3. Provide status reports on the number of mortgages being modified. Resolution of the foreclosure crisis will require that large numbers of unworkable mortgages be converted to stable loans. To date, however, despite pressure from Congress and the press, lenders and servicers have modified only about 1% of subprime mortgages. This obviously has to change. We cannot take the industry at its words that it will follow through on an agreement to convert loans expeditiously. Accordingly, the agreement must impose on lenders and servicers an obligation to regularly report their loan modifications.

First word is the industry will not support a foreclosure moratorium, according to Kurt Pfotenhauer, senior vice president for government affairs with the Mortgage Bankers Association.

Hillary Clinton was the first candidate to put out a specific proposal leaving other candidates to scramble to put together a plan of their own.

On the tax cuts:

To help families cope with growing economic challenges, Clinton would provide a package of middle class tax cuts, including generous new support to make college, health care and retirement more affordable. She would also implement fast-acting, short-term stimulus measures, including a Community Support Fund of up to $5 billion to help hard-hit communities and distressed homeowners endure the foreclosure crisis, and a $2 billion emergency investment in energy assistance for families in cold weather states.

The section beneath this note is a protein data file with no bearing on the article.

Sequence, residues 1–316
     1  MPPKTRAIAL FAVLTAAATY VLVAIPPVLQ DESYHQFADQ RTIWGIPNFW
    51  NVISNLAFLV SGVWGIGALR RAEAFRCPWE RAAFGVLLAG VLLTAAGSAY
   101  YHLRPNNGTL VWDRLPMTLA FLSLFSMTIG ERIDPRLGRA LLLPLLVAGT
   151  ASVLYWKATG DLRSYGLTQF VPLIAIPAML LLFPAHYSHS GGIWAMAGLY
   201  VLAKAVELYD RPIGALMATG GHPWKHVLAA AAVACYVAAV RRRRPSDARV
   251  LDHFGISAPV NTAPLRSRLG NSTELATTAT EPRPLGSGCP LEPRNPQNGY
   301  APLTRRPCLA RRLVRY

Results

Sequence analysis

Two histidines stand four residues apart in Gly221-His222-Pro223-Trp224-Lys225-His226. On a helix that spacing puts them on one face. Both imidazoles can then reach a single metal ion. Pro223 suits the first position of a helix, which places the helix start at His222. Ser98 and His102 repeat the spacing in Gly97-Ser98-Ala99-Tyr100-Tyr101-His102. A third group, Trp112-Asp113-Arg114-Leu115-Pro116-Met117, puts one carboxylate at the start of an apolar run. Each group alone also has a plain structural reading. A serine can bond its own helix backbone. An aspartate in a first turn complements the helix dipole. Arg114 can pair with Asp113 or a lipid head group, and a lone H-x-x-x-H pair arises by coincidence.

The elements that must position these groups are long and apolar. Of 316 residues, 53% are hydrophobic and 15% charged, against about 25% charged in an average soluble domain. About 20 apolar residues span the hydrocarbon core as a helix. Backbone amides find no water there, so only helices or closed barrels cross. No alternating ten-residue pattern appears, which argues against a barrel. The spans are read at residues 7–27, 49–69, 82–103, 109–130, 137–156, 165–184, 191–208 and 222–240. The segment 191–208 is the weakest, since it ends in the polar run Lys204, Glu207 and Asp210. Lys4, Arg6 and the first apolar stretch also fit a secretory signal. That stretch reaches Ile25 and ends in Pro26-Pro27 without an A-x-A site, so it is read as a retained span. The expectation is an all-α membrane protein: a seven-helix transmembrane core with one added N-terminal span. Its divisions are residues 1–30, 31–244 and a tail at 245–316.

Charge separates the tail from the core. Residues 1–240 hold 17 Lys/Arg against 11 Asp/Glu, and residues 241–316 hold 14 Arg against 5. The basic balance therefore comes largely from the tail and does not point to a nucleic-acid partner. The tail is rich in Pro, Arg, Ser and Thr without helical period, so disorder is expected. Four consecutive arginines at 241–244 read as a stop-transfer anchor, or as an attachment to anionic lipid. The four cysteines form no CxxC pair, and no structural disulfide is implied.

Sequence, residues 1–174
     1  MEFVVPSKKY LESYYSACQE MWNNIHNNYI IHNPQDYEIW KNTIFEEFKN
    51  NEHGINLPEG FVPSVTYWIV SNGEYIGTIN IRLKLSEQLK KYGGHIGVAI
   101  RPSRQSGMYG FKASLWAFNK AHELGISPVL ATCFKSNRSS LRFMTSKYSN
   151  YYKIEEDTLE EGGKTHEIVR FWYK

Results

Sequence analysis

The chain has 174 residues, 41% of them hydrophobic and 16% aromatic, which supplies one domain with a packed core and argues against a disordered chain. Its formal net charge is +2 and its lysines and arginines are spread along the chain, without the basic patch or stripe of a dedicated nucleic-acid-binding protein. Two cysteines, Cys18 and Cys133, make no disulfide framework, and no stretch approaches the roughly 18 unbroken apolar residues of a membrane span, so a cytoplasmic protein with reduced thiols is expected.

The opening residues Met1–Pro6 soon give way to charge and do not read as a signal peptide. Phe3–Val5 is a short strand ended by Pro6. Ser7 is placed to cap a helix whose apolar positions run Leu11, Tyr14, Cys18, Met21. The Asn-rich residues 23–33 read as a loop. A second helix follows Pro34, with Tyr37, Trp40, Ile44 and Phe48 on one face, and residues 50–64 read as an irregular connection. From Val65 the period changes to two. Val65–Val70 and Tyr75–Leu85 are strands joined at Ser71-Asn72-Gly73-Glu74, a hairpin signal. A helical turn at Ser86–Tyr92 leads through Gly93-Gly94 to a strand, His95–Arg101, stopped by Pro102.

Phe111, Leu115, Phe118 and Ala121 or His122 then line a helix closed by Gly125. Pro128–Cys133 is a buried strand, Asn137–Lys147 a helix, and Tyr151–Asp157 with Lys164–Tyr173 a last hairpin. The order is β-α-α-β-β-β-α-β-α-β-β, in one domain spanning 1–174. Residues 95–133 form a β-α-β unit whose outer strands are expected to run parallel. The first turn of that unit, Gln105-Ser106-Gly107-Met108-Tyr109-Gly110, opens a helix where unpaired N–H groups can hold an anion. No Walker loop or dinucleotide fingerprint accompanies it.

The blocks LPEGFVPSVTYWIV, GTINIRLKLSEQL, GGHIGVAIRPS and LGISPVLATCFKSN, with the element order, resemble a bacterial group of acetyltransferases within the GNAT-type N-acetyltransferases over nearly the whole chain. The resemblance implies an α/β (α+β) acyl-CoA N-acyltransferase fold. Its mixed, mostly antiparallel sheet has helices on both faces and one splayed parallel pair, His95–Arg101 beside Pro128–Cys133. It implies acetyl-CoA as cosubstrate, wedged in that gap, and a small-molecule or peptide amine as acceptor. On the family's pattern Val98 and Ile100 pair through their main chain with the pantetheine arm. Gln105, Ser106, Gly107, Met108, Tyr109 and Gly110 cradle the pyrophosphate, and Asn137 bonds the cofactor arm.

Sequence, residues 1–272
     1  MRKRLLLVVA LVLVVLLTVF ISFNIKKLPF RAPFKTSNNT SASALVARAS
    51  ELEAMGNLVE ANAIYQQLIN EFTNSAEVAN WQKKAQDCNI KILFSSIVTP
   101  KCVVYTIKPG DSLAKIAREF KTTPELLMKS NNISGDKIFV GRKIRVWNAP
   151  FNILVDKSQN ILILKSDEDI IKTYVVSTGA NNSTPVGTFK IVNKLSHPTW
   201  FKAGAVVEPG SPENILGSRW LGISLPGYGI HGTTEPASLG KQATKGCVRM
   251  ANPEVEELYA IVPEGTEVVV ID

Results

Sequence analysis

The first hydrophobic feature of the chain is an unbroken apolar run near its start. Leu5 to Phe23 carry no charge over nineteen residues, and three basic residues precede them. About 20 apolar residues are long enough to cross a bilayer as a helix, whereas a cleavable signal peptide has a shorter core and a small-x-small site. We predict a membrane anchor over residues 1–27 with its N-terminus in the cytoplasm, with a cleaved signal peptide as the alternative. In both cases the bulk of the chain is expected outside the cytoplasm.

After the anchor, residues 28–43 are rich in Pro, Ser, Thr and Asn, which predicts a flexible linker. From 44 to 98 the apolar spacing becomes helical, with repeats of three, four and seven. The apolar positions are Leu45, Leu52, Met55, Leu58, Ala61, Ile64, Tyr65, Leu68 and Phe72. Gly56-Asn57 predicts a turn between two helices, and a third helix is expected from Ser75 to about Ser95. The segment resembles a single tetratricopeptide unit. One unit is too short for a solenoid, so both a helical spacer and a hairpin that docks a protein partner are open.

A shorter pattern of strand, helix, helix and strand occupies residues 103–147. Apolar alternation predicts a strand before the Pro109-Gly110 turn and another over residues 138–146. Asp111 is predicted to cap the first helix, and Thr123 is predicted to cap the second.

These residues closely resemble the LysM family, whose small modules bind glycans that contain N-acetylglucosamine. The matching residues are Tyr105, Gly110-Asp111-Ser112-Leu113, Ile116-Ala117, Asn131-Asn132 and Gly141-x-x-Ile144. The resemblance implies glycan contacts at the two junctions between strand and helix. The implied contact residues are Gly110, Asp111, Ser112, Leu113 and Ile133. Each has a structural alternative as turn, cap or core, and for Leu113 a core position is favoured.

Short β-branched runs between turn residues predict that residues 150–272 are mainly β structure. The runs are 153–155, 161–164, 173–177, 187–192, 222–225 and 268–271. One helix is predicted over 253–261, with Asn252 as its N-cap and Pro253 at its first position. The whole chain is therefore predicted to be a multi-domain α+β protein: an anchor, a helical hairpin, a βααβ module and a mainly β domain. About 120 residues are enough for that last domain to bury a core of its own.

Clinton’s announcement comes ahead of Bush’s foreclosure plan, which he will headline on Thursday. Kurt Pfotenhauer says Clinton will likely get most of what she asks for with Bush’s plan.

Primary Schedule Updated

Ladies and Gentlemen, we have a calendar. At least the Democratic calendar is finalized. The new calendar includes the sanctioned states by both the DNC and RNC plus updated delegate allocations for a host of other states and minor changes in the dates.